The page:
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Llyssun Motte

Also known as, or recorded in historical documents as;
Llysun; Llysin; Llyssin; Llanerfyl; Llyslun; Llynssyn

In the community of Llanerfyl.
In the historic county of Montgomeryshire.
Modern authority of Powys.
Preserved county of Powys.

OS Map Grid Reference: SJ03161007
Latitude 52.67975° Longitude -3.43387°

Llyssun Motte has been described as a certain Timber Castle, and also as a probable Palace.

There are earthwork remains.

This site is a scheduled monument protected by law.


Llyssun Castle is a motte and bailey castle resting on a scarp above the Banwy floodplain. The ditched motte is c.20m in diameter and 4.0m high, with a summit only 4.0m in diameter, with the bailey to the west represented by a sub-rectangular scarped platform, 16m by 12m. The placename 'Llyssum' may be significant. (Coflein)

Motte sited above the river Banway and surrounded by a ditch 1.3m deep. The motte has a summit diameter of 4m. The bailey, which lies to the east, consists of a raised platform 16m by 12m. The castle was originally approached from the north (Silvester, R J 1992c, 83). Located on a natural spur which runs east-west on the north side of the Banwy flood plain. The motte is 4.0m above the surrounding pasture and has a diameter of 9.0m. It is separated from the bailey to the west by a distinct ditch which is badly eroded. The bailey is 16.0m east to west, 10.0m wide and 3.0m high. Several mature trees grow on the site (Cadw 1998). (Clwyd Powys Archaeological Trust HER)

The monument comprises the remains of a motte and bailey castle, constructed upon a natural elongated hillock, in the valley of the Afon Banwy. The motte lies to the northeast, with an associated lower platform and bailey to the southwest. The motte stands 4m above the surrounding pasture, and is separated from the lower platform by a ditch (now substantially infilled with eroded motte material). The nature and characteristics of this monument suggest that it is of Welsh construction, as opposed to Anglo-Norman. (Scheduling Report)

The site is believed to be a Welsh fortification as the area was undoubtedly under Welsh control in the 12th century. The name Llysun is a variation of llys, a ‘court’ or ‘palace’. Though the precise location of the court, or indeed its date, is currently unknown, its clearly implies a Welsh rather than an Anglo-Norman context. The motte is situated around 200m south of a former deer park, ‘Llyssun Park’, assumed to be of medieval origin, though there is no corroborative evidence. This is shown in its entirety on an estate map of 1734 with its pale in place, and was recorded by the surveyor as 444 acres in extent. The motte and bailey is not itself depicted on the estate map, but its proximity to the park highlights its situation within a much wider medieval landscape.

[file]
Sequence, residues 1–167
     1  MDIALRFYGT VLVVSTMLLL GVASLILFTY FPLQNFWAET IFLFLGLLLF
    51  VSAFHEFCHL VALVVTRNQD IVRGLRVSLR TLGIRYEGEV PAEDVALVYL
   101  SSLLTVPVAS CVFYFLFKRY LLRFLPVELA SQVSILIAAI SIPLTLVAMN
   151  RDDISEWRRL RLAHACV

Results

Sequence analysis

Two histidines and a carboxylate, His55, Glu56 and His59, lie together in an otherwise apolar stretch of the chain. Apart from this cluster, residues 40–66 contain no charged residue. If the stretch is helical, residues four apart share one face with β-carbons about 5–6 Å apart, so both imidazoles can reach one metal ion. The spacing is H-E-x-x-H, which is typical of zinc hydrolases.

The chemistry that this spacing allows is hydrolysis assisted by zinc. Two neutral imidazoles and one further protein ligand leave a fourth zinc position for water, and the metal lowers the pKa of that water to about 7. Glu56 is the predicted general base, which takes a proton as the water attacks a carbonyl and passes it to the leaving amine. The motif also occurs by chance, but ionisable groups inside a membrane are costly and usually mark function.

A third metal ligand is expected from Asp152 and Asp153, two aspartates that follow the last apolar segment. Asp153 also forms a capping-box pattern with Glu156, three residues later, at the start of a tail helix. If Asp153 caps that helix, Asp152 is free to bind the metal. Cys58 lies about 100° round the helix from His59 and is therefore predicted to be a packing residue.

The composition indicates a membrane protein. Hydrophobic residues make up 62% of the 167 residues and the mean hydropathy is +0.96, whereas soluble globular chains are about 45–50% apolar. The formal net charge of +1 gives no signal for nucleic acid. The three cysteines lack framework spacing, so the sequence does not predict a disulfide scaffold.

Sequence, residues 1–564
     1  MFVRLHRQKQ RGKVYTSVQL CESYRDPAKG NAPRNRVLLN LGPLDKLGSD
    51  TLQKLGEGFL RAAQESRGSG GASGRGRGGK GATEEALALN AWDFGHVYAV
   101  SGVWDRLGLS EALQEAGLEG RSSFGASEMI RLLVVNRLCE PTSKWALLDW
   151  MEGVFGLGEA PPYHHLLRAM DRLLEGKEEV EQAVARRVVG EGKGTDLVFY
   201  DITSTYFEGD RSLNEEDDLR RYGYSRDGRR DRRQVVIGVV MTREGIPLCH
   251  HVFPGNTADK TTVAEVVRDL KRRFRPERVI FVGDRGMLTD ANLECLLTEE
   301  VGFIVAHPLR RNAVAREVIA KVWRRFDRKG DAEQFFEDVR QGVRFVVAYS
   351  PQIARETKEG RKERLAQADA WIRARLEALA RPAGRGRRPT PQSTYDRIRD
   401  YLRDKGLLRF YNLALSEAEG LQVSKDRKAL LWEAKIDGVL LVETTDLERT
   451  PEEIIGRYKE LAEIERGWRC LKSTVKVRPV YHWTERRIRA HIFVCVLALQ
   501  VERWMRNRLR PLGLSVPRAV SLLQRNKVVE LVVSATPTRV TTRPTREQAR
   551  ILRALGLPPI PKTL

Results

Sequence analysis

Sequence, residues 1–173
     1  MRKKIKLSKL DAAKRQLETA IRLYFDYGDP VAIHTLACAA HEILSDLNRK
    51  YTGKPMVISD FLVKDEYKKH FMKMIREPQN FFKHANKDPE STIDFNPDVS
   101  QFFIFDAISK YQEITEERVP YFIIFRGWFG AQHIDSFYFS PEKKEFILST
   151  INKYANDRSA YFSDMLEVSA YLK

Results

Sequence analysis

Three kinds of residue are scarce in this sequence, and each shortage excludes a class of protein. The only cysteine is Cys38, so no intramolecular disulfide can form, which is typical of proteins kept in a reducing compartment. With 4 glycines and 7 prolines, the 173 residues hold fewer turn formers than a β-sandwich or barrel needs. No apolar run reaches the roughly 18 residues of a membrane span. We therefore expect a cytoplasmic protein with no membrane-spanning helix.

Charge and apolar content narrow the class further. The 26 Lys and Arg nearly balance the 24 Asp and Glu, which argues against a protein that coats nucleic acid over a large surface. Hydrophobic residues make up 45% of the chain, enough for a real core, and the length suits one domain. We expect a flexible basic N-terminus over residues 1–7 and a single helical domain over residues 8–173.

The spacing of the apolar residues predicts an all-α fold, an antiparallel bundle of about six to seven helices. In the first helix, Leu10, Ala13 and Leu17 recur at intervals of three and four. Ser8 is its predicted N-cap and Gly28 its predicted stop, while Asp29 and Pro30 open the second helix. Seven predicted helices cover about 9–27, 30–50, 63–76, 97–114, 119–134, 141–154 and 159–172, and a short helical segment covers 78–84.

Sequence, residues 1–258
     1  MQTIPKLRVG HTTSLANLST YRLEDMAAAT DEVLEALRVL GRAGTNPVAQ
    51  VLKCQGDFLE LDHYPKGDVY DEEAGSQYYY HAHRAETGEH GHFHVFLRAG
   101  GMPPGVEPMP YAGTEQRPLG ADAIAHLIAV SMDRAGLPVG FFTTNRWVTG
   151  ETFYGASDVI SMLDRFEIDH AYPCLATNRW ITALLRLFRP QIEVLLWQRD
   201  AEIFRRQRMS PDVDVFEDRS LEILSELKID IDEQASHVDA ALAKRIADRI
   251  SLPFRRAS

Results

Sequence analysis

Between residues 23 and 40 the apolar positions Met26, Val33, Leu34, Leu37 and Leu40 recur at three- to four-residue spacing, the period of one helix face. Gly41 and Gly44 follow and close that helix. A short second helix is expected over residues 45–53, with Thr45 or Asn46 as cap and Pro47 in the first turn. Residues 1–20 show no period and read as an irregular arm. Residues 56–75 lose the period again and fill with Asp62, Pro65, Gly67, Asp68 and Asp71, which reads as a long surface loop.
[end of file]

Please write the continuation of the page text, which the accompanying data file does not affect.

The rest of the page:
The survey and investigations provide a detailed plan of the surviving earthworks and a record of the various erosion issues affecting the site, as well as identifying areas where potential archaeological deposits and features are currently exposed. The resulting data present a baseline for future monitoring and information which will assist in the general management of the monument.
The earthwork castle stands atop a natural glacial ridge with the motte at its eastern end, surviving to a height of around 4m and an overall diameter of around 20m. The level platform to the south-west measures 8m north-west/south-east by 12m north-east/south-west and is up to 2m high. This platform may have been occupied by a single large building, perhaps a hall, rather than a cluster of smaller buildings as one would expect to find on an adjoining bailey. A possible bailey lies at the south-west end of the ridge, measuring 13m north-west/south-east and 26m north-east/south-west. The ditch dividing the motte and platform presently survives to a depth of around 1.5m and is visible only on a north-north-west to south-south-east.
The castle is likely to have been constructed largely by remodelling the glacial ridge, enhanced by the redeposition of glacial deposits to strengthen the motte. There is no obvious ditch which could have acted as a quarry ditch and it is possible that some of the redeposited material may have been derived from the large, level area to the south-west that could have formed a bailey. The defences consist of a series of natural and modified slopes that would probably have been surmounted by a timber palisade. A former river channel of the Afon Banwy runs along the southern side of the monument, perhaps accounting for the sharpness of the slope on this side of the ridge and providing a natural defence for the motte. (CPAT)

Possible earlier welsh high status site.
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Sources of information, references and further reading
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This record last updated 10/05/2017 21:27:55